Early Islamic Empire Lecture Series
Lecture by Sören Stark (Institute for the Study of the Ancient World, New York University)
7.10.2015, 18:30 Uhr
AS-Saal, Edmund-Siemers- Allee 1, 20146 Hamburg
This lecture will take a look at the territorial barriers that are a widespread phenomenon in many micro-regions of Western Central Asia and Eastern Iran (Mā warāʾ al-nahr and Khorāsān). They often take the shape of monumental oasis walls around the entirety or large parts of the agricultural hinterland of important urban centers vis-à-vis the surrounding desert steppe.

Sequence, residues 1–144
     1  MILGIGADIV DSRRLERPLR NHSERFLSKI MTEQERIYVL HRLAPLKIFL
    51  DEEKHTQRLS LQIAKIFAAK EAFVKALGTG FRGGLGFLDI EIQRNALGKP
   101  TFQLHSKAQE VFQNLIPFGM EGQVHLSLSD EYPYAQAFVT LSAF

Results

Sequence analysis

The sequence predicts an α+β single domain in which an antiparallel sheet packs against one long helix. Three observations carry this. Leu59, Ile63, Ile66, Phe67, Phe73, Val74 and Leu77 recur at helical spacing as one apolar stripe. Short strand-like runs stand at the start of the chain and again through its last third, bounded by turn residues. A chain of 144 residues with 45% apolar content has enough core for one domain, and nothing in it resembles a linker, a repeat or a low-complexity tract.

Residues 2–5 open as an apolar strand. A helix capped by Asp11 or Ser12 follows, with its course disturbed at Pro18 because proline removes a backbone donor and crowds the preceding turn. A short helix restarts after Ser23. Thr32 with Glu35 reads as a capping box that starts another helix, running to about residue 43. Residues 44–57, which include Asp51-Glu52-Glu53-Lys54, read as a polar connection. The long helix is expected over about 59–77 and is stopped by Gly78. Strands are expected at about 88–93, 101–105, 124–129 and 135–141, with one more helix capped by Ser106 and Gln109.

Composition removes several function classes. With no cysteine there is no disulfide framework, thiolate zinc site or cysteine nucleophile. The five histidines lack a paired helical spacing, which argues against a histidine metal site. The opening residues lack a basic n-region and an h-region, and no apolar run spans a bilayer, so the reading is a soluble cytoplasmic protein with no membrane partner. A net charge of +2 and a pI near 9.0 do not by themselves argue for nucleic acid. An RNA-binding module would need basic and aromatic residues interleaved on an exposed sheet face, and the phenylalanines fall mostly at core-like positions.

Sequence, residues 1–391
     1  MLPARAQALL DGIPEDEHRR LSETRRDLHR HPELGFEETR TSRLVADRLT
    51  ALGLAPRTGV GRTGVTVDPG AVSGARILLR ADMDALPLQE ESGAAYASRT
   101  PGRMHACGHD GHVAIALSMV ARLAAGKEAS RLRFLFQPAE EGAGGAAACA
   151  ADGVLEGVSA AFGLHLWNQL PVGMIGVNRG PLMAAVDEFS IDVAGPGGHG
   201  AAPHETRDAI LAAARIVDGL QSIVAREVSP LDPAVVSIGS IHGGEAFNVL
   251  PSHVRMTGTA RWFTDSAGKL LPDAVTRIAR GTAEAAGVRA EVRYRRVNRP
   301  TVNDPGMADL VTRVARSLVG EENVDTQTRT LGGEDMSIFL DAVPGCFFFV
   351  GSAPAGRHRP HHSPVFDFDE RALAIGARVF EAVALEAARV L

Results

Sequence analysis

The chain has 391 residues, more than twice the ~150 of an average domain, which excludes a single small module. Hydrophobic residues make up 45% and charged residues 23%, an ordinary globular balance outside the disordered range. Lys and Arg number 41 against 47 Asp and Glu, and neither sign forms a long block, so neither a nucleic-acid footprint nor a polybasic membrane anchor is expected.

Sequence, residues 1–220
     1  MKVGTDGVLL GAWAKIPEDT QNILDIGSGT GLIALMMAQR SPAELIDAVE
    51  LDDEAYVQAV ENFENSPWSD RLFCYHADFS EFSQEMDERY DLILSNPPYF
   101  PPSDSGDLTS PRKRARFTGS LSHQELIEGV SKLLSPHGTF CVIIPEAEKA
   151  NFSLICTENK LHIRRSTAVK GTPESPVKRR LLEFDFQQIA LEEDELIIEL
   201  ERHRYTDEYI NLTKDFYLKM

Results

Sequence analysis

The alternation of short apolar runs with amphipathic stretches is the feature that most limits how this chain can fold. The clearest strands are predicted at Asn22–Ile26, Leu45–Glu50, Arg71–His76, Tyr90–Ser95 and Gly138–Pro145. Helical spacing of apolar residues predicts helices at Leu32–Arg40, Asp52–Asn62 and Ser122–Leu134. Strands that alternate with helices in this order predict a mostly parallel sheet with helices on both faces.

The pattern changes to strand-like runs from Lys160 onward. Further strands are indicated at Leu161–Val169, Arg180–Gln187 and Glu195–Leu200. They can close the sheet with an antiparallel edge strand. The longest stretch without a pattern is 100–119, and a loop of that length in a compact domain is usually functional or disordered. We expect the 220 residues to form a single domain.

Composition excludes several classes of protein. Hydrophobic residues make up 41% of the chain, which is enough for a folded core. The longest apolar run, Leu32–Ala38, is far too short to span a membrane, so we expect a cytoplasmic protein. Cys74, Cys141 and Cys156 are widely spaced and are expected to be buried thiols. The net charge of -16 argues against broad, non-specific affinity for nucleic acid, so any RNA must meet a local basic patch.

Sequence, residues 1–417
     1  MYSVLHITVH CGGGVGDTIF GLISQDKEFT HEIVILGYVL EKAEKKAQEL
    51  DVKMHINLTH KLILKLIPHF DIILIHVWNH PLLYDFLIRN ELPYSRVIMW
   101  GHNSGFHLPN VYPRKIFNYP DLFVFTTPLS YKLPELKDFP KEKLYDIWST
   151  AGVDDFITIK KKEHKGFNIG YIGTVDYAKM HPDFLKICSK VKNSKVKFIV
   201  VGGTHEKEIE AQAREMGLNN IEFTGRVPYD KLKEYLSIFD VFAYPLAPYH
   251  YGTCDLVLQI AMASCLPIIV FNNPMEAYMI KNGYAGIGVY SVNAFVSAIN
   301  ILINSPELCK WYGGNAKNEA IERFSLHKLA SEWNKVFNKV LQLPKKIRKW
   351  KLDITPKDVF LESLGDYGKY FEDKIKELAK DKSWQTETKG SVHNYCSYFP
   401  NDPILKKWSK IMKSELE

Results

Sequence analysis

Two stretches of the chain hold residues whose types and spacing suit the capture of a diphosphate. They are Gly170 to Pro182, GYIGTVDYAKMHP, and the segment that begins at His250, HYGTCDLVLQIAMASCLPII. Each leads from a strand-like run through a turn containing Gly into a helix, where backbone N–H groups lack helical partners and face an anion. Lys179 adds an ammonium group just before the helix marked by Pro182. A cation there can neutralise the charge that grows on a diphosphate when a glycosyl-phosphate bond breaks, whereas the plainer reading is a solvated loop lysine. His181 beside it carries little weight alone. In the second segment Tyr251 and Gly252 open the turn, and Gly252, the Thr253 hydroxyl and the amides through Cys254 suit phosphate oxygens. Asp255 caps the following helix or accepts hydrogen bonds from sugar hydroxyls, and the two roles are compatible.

Although these astonishing monuments have caught the attention of historians and archaeologists since as early as the end of the 19th century, we still poorly understand their chronology as well as their actual purposes.
The most monumental and best preserved one of these territorial barriers, the „long wall“ of Bukhārā – at least 330 km long and complete with an impressive array of adjoining fortresses, watchtowers, and fortified gates –, is since 2011 subject to systematic investigations carried out by an Uzbek-American field project, now part of the Uzbek-American Archaeological Expedition in Bukhara (UzAmEB). The results of the seasons 2011-2015, deriving from extensive field surveys and excavations, now allow for substantiated conclusions regarding the chronological framework of the development of this system of fortification and provide important new insights into questions related to its purpose(s).
Weitere Informationen: https://www.islamic-empire.uni-hamburg.de/en/news-and-events/news/lecture-series-2.html